The Free Press, Mankato, MN

State, national news

October 12, 2012

In-depth: Meningitis: FDA has knotty history of regulating pharmacies

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All pharmacies, including compounding pharmacies, have long been regulated by state pharmacy boards, many of which date back to the 19th century. At that time nearly all drugs dispensed in the U.S. were individually compounded by pharmacists. The law that created the FDA in 1938 gave the agency strict authority over drug manufacturers, which quickly eclipsed pharmacists as the main producers of prescription medicines.

For decades, the state-federal divide persisted, with states overseeing compounding pharmacies and the FDA policing drug manufacturers.

But in the 1990s, FDA regulators began to more closely scrutinize compounding pharmacies, as their number multiplied and some grew into big businesses. Instead of making individualized products based on a physician's prescription, companies began mass-producing products and promoting them broadly.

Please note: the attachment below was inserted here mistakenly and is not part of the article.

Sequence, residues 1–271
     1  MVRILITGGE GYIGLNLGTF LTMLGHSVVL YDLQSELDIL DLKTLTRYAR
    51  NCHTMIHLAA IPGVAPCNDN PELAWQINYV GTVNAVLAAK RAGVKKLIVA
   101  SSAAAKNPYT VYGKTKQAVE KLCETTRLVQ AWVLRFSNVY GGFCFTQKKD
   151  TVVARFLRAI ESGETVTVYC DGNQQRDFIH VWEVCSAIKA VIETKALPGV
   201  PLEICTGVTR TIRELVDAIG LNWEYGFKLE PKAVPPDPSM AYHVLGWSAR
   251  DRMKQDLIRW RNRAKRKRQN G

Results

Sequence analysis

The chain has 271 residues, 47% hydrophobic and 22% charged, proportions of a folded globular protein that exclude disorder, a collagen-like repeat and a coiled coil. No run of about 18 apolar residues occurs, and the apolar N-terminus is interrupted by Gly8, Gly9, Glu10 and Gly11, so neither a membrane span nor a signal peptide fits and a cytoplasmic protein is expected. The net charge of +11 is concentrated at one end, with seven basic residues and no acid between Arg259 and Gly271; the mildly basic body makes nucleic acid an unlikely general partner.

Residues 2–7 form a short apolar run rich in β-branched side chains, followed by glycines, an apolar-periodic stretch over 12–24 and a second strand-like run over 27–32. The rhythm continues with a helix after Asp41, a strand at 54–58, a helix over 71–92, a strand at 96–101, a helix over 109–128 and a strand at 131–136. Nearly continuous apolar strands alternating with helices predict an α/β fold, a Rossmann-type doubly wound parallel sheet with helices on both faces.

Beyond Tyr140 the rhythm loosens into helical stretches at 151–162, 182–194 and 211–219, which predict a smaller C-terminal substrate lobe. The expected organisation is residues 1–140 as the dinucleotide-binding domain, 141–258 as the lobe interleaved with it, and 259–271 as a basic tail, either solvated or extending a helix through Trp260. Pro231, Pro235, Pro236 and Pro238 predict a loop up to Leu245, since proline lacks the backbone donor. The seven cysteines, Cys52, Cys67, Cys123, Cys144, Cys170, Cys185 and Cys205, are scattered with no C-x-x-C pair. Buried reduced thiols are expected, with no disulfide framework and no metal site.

"When you get into that situation, pharmacy compounding can be a disguise for unregulated manufacturing," said Michael Labson, a food and drug attorney in Washington. Recent drug shortages caused by consolidation among drug manufacturers, among other factors, have only increased demand for compounded alternatives.

In recent years some compounding pharmacies have been blamed for outbreaks caused by contaminated medicines. Two people were blinded in Washington in 2005. Three died in Virginia in 2006 and three more in Oregon the following year. Twenty-one polo horses died in Florida in 2009. Earlier this year, 33 people in seven states developed fungal eye infections.

Compounding experts, including the president of the leading compounding pharmacy trade group, believe the New England Compounding Center crossed the line into full-scale manufacturing. Indeed, the FDA had warned the company in 2006 about compounding and distributing anesthetic "for general distribution" rather than for individual prescriptions.

FDA officials said they followed up with the company after sending the warning letter but did not re-inspect it.

"They assured us they were adequately protecting patients and complying with applicable laws and regulations," Autor said. "We took some action, but it's very complicated — our ability to take action here."

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